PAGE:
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Division of Special Education

  • Transition Resources

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    According to IDEA(Individuals with Disabilities Education Act):

    “Transition services means a coordinated set of activities for a child with a disability that:

    1) Is designed to be within a results-oriented process, that is focused on improving the academic and functional achievement of the child with a disability to facilitate the child’s movement from school to post-school activities, including postsecondary education, vocational education, integrated employment (including supported employment), continuing and adult education, adult services, independent living, or community participation;

    2) Is based on the individual child’s needs, taking into account the child’s strengths, preferences, and interests; and includes: i. Instruction; ii. Related services; iii. Community experiences; iv. The development of employment and other post-school adult living objectives; and v. If appropriate, acquisition of daily living skills and provision of a functional vocational evaluation. 5.2.2017


  • Options for After High School

After High School options flyer


Click on each of the tabs below to learn more about each option.


An educational institute that provides higher education in a specific area of study to obtain a bachelor's or associate's degree (some also offer certificate programs). 

> College Basics: https://bigfuture.collegeboard.org/plan-for-college/college-basics 

> Find the Right College for You: https://collegesearch.collegeboard.org/home 

Student Support Offices for Students with Disabilities: 

• Students with disabilities will find that many colleges are equipped with offices that address accessibility, accommodation, and assistive technology for a diverse range of needs and may provide specialized support in advocacy, support, and academics. 
PDF iconCalifornia State College Student Support Offices for Students with Disabilities: List of the student support offices for students with disabilities attending California State Colleges.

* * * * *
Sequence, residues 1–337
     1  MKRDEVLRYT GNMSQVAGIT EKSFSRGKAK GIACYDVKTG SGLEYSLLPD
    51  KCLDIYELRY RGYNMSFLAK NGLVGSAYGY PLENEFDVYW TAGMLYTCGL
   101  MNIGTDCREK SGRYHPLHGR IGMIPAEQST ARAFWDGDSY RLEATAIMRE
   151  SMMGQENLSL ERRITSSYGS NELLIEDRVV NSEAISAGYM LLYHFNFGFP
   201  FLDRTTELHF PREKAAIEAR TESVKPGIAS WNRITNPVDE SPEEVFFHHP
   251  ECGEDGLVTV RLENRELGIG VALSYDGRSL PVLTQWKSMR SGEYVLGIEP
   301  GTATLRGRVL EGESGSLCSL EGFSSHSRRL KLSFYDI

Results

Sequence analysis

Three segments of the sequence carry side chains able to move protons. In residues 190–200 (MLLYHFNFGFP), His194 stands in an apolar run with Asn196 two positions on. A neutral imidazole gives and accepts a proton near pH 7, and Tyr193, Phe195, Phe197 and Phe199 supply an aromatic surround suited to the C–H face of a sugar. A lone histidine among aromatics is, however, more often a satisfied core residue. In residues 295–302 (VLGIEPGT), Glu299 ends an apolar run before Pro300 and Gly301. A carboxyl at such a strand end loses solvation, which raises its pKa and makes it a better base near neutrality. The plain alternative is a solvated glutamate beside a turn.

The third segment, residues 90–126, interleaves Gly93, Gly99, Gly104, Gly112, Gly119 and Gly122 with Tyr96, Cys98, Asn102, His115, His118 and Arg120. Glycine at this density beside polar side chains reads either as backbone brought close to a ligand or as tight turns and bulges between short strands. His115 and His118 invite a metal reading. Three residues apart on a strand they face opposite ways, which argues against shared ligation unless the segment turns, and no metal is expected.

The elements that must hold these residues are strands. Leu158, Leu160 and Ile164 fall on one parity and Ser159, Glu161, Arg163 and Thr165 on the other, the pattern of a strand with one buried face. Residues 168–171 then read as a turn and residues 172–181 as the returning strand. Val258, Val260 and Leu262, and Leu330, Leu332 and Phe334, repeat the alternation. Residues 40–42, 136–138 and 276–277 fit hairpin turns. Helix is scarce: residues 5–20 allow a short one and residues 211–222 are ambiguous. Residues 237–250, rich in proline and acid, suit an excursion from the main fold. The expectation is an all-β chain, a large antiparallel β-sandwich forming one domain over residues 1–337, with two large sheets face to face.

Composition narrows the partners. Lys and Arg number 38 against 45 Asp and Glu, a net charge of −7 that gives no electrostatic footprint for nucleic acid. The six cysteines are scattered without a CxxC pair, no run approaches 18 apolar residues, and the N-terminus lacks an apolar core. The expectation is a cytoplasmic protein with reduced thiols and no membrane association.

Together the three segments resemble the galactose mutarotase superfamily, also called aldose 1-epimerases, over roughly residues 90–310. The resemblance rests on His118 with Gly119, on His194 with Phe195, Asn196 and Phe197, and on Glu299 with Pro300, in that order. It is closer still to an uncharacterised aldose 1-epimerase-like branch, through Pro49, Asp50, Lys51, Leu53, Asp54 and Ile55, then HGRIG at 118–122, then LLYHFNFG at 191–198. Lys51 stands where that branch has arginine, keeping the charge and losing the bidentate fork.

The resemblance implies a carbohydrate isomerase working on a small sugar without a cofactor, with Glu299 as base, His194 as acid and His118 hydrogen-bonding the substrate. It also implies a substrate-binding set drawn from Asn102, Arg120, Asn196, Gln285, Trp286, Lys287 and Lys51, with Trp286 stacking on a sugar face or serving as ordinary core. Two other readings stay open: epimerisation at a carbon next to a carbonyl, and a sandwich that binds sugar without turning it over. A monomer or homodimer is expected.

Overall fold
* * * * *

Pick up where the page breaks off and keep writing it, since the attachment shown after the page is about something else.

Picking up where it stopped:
PDF iconUniversity of California Student Support Offices for Students with Disabilities: List of the student support offices for students with disabilities attending University of California (UC) Colleges  

PDF iconCalifornia Community College Student Support Offices for Students with Disabilities: List of the student support offices for students with disabilities attending community college.  

Internet icon California Department of Education Transition Resources for Employment 
Resources and guidelines for educators, parents and agencies that will assist transition age youth identify and move toward their postsecondary goals in education and/or training.  




A career or technical school that provides hands-on training to earn a certificate, degree, or diploma in a variety of fields. Apprenticeships are also an option to earn while you learn. 

LAUSD provides career training through Career Technical Education (CTE) programs.  Industry professionals with years of real-world, on-the-job experience prepare CTE students for entry-level employment, career advancement, and industry certification.  

Internet icon LAUSD Division of Adult and Career Education Apprenticeships 

Internet icon LAUSD Occupational and Skills Centers 

Internet icon California Department of Education Transition Resources for Employment 
Resources and guidelines for educators, parents and agencies that will assist transition age youth identify and move toward their postsecondary goals in education and/or training.  



Abe Friedman Occupational Center imageAbe Friedman Occupational Center
1646 So. Olive St.
Los Angeles, 90015
(213) 765-2400


East Los Angeles Occupational Center image East Los Angeles Occupational Center
2100 Marengo Street
Los Angeles, CA 90033-1321
(323) 224-5970


Harbor Occupational Center image  Harbor Occupational Center
740 N. Pacific Avenue
San Pedro, CA 90731-1630